Conservative explains why Democrats’ 'stranglehold' on once-red California is a warning sign for Trumpified Republicans nationally
California is so dominated by the Democratic Party these days that it’s easy to forget just how Republican it once was. Before the 1990s and the Bill Clinton era, California was a red state — from San Diego to Bakersfield to Glendale and Burbank. Orange County south of Los Angeles was a hotbed of right-wing Republican politics. But the GOP lost a lot of ground in California after the 1980s, and the American Enterprise Institute’s Brent Orrell — in an essay/think piece published by the conservative website The Bulwark on May 19 — argues that former President Donald Trump and the MAGA movement are creating a California-like effect in suburban swing districts all around the United States.
Orrell opens his article by noting that the “political outlook for Democrats” looks “grim” in the 2022 midterms and that between inflation, President Joe Biden’s low approval ratings and a “sour public mood,” election forecasts are predicting a major red wave that will put Republicans back in the control of both houses of Congress. But Orrell quickly adds that the Trumpified GOP is “bent on alienating itself from the political center of the country” and that “the decline of conservative politics in the Golden State is very much the model for the decline of Republican politics nationally.”
According to Orrell, the “political tragedy of California Republicanism” serves as a warning to the GOP in suburban areas all over the U.S.
“There are still pockets of the state where the GOP is strong,” Orrell writes. “But in most heavily populated urban and suburban areas, Republicans have become a pariah party, settling for semi-permanent minority status in a state over which liberal Democrats now have basically unchallenged hegemony…. Donald Trump’s candidacy, election and presidency set off a reenactment of the slow-motion California GOP debacle at the national level.”
Thanks to the MAGA movement, Orrell stresses, the Republican Party has been alienating “moderate” suburban voters more and more. But even though Trump was voted out of office in 2020, the American Enterprise Institute senior fellow adds, his stranglehold on the GOP remains.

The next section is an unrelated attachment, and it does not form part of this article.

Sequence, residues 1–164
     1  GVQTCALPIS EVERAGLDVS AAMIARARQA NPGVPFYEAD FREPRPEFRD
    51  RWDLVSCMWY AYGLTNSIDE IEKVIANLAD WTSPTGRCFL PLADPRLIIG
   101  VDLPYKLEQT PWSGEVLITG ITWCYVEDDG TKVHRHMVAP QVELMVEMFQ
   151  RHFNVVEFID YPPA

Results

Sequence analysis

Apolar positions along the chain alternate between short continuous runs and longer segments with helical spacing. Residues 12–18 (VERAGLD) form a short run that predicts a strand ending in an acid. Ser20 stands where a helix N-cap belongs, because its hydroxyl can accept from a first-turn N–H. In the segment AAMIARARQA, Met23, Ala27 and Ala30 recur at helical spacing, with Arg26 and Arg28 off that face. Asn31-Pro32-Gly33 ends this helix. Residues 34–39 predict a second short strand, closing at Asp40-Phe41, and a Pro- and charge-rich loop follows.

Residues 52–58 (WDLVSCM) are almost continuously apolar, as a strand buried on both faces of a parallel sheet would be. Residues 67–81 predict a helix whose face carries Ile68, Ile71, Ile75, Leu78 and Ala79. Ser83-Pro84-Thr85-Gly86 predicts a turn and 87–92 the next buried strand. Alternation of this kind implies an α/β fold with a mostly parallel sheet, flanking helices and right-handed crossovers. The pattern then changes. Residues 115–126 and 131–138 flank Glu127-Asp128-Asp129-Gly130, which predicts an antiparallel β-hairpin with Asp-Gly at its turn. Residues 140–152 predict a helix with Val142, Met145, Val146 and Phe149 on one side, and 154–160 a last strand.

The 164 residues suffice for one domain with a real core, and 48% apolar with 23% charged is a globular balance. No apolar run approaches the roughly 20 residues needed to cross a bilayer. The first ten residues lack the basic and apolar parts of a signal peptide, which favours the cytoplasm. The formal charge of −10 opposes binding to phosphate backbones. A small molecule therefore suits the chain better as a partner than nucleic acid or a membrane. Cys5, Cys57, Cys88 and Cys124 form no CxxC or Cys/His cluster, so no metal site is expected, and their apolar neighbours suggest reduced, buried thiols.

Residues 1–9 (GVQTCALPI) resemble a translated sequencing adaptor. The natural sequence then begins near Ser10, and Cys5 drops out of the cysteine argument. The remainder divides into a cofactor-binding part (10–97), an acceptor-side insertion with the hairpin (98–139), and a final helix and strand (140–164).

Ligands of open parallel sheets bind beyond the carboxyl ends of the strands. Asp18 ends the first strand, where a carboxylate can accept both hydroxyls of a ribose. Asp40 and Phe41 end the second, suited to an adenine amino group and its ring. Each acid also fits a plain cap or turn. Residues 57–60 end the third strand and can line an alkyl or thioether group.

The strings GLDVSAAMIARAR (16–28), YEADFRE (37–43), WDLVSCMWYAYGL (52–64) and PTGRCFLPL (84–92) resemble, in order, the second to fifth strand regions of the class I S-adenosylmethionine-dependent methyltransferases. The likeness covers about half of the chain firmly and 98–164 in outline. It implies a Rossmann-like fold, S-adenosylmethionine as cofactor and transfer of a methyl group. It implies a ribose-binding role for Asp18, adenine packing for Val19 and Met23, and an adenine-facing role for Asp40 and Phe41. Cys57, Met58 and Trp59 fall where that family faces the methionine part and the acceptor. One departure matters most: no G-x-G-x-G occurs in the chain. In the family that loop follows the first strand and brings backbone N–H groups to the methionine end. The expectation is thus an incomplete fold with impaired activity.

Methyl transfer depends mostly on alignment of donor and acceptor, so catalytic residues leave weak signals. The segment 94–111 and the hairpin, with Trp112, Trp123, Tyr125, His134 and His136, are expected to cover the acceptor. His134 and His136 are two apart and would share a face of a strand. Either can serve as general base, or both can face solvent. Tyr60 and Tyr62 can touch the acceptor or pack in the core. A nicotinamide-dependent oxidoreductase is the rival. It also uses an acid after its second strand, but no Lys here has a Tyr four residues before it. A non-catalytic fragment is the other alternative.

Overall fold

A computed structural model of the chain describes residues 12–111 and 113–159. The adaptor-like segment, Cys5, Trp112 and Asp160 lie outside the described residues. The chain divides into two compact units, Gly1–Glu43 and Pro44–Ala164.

“The Trump presidency may have been a failure, but Trumpism has proven to have real and enduring appeal,” Orrell explains. “GOP elected officials, whatever their private doubts, have overwhelmingly acquiesced and become complicit in Trump’s 2020 election fabrications and toed the line on anti-immigration policy out of fear of facing a primary opponent endorsed by the former president. As the 2022 field of candidates comes into focus, the cost of allowing Trump’s election lies to fester is becoming clearer. In state after state and race after race, Republican primary voters are opting not just for Trump-endorsed candidates, but the Trumpiest candidates, the ones most closely tied to Trump’s Big Lie of 2020 voter fraud, whether they have Trump’s endorsement or not.”
Orrell points to far-right Pennsylvania State Sen. Doug Mastriano’s victory in the 2022 Pennsylvania GOP gubernatorial primary as a prime example of how extreme and Trumpified Republican primaries have become.
Orrell observes, “Mastriano is known for his frequent sharing of QAnon-related materials via Twitter and for speaking at a recent QAnon-heavy conference in Pennsylvania.... The pattern in Pennsylvania and elsewhere is clear: The GOP frontrunners or near-frontrunners are, in almost every case, not just Trump-endorsed or Trump-affiliated candidates; they are Trump-consumed candidates with bellies full of that hot, hot MAGA fire. As Steve Bannon recently noted, referring to the Pennsylvania races, the contest isn’t between old-line Republicans and MAGA candidates, ‘it’s MAGA vs. ultra-MAGA.’”
Orrell wraps up his essay/think piece by stressing that Democrats’ “stranglehold on state government” in California serves as a warning sign for the GOP nationally.
“In California, where the radicalization of the GOP has had the longest time to work its way into hearts and minds, the Republican Party has reduced itself to rump status,” Orrell writes. “Once solidly conservative congressional and state legislative districts in suburban communities along the Pacific Coast have mostly adopted various shades of blue, while Republicans have largely receded to the inland districts in the Central Valley and other more rural areas of the state…. Unless Republicans find the nerve to call a halt, they risk seeing their party’s long-term political prospects devoured by xenophobia and conspiracism.”
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